Monday, August 3, 2009

Heartbreak...and Hope

Absolutely nothing could have prepared me for the news we received on Saturday.

Michelle came over and tried her best to break it to us gently;
but there is really no way to soften the blow delivered by the
news that your wonderful puppy has just completely failed his
hip x-rays. There was nothing borderline about it; Dakota's
hip scores were way beyond the acceptable tolerance, putting
him at high risk for developing dysplasia. Guide work in harness
is a physically demanding job and it would not be fair to expect
him to do this.

Utter disbelief was my first reaction. I had to be assured that there had been no mistake -- in fact, multiple opinions had already been obtained from specialists around the country on his results, and no, the lab didn't mix up his films with someone else's. But it still seemed implausible to me. After all, Dakota has never exhibited any of the lameness or stiffness associated with hip problems. He runs like a deer and is one of the most agile and athletic dogs I've seen! His breeder goes above and beyond what many breeders consider the standard requirements, thoroughly testing all breeding dogs for a variety of inheritable disorders -- hip problems included. But sadly, human knowledge can only go so far. Despite everything we've done to stack the genetic "cards" in his favor, Dakota just chanced to draw a poor hand. It can happen, and it's really nobody's fault. Now it's up to us to help him make the most of what he's got.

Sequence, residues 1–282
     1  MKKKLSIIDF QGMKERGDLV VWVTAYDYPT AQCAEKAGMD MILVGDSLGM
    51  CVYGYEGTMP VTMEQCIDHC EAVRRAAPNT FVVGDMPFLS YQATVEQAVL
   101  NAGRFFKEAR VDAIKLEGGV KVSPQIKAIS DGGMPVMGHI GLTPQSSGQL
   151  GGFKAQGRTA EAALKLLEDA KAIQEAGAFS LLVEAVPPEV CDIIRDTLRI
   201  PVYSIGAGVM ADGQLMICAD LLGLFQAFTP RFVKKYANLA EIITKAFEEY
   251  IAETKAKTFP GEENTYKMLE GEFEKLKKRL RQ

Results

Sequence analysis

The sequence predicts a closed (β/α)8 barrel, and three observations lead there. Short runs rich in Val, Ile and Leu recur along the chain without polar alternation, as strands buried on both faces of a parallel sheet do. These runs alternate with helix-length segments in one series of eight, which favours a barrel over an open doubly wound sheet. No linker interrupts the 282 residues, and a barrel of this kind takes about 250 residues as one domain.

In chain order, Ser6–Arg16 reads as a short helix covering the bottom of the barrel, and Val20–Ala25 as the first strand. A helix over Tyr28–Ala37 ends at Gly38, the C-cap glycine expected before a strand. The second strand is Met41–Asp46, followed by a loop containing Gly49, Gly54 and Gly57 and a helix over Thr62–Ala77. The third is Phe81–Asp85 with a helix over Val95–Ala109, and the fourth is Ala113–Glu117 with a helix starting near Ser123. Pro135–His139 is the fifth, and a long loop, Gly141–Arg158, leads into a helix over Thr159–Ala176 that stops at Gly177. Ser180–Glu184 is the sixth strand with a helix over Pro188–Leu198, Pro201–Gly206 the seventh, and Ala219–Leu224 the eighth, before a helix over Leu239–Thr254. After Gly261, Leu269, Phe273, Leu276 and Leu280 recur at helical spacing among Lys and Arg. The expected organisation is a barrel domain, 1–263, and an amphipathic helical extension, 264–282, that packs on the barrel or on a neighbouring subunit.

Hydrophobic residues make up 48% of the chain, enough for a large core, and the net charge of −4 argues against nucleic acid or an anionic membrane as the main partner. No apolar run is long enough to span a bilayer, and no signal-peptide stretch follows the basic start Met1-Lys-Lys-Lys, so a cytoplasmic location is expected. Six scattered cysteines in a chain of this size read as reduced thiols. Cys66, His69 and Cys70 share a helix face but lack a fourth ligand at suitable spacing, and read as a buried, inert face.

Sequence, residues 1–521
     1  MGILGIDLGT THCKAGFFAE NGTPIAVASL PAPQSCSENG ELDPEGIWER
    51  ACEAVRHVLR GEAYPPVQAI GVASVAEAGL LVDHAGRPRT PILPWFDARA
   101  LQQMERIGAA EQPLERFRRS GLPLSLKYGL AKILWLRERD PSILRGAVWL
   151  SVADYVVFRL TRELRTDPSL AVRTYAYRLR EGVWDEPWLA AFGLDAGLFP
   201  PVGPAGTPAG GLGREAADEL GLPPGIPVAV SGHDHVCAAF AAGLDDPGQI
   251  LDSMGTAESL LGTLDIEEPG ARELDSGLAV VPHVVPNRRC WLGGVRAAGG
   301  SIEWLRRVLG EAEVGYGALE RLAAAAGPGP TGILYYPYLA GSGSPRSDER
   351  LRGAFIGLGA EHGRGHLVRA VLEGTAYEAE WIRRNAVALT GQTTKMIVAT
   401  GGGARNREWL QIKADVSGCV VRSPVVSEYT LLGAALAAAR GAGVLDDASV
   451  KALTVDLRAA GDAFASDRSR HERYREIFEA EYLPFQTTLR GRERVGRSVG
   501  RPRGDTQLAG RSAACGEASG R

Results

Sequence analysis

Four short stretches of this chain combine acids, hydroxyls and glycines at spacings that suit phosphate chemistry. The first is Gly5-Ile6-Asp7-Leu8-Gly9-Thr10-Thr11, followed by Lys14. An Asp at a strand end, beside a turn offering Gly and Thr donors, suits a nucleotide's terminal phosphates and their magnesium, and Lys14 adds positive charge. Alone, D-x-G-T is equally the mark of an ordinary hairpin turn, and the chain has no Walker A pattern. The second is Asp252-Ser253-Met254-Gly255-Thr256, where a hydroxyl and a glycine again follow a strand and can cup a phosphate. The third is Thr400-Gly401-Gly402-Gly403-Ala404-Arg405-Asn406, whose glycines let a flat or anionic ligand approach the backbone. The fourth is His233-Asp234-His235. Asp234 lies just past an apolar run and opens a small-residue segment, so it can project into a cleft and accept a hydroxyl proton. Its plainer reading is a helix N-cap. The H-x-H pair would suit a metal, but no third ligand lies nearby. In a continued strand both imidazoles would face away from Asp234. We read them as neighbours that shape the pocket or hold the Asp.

It really is, for me, a kind of grieving process -- a sense of loss. There just aren't words to express how I feel! Dakota is such an exceptional dog and a real joy to train. He's quite good at what we've trained him to do, and so of course it's sad that he can't do it. But the main thing, to me, is just that I don't want anything bad to happen to him.

As it happens, however, this exceptional nature may be the ticket to his future -- a very different one than what we had planned and prepared for, yet a good future all the same. Dakota's natural abilities combined with his extremely easy-going, people-centered personality make him a prime candidate for different, less physical, service dog jobs. He is currently under consideration for this type of "career change" and, since everything's still in the very beginning stages, I can't say any more than that right now. But it's pretty safe to share that, should he succeed in his new task, he would be at least as highly valued and indispensable to his new family as a guide dog is to its partner. With proper veterinary care, a loving home, and a job to do, I think Dakota's future can still be a bright one. Who knows, perhaps he is the answer to someone's prayers!

In the meantime, someone forgot to forward to Dakota the memo that he has bad hips. After working very hard to cheer me up Saturday afternoon (I'm sure he wondered what all the tears were about!), he blew off some steam by going on one of his high-spirited racing sprees, tearing around in giant circles, leaping over obstacles in a single bound, coming back for a quick pat, and then charging off again.

"Do I look like this is gonna stop me?"